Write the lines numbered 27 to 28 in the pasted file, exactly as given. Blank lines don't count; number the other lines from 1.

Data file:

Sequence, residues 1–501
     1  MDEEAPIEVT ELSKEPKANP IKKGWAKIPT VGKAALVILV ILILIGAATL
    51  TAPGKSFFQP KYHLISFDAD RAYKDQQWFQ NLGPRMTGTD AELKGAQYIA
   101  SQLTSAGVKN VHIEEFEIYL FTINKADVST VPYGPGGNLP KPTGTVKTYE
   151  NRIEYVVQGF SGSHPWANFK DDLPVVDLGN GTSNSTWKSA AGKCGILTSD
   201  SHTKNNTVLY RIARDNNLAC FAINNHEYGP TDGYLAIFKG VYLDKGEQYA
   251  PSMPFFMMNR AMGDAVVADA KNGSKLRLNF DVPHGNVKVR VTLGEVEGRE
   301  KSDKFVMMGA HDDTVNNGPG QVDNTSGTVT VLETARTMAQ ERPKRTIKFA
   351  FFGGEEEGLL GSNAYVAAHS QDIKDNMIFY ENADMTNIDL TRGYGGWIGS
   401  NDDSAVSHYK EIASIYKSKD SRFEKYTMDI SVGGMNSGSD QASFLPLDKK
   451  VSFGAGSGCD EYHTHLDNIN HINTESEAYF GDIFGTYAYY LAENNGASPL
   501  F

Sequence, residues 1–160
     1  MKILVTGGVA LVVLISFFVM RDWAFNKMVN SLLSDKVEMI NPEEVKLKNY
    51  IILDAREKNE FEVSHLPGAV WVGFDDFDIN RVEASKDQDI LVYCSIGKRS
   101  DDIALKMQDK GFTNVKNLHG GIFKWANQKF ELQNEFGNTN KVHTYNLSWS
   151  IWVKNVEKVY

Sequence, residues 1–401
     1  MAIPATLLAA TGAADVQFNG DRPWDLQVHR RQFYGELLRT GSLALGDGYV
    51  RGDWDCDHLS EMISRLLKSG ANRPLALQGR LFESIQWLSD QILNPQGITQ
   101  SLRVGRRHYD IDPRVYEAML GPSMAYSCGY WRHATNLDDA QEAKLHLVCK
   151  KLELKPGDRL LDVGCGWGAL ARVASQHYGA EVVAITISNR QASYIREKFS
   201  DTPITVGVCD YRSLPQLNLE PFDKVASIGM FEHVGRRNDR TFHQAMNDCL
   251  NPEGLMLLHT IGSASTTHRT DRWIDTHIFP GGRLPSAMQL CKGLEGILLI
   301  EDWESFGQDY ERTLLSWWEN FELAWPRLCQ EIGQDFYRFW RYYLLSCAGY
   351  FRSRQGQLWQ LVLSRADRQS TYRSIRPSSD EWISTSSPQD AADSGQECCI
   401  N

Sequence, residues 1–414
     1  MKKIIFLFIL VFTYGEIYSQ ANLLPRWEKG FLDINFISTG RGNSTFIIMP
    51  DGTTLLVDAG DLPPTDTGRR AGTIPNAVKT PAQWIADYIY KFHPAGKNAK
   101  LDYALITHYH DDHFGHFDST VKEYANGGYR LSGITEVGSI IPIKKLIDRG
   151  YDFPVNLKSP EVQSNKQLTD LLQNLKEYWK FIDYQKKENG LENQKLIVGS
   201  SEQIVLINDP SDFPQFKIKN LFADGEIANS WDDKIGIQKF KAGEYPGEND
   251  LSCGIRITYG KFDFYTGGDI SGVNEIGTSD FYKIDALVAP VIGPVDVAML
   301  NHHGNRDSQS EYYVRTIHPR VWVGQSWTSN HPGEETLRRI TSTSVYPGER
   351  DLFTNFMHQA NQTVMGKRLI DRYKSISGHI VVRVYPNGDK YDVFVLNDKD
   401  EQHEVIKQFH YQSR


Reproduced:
   401  N

Sequence, residues 1–414